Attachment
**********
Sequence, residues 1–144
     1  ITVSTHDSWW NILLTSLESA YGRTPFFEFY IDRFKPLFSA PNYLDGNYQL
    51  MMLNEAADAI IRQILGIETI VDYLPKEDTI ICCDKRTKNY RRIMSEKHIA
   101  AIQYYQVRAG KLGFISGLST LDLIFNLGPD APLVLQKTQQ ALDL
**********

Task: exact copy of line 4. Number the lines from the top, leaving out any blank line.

   101  AIQYYQVRAG KLGFISGLST LDLIFNLGPD APLVLQKTQQ ALDL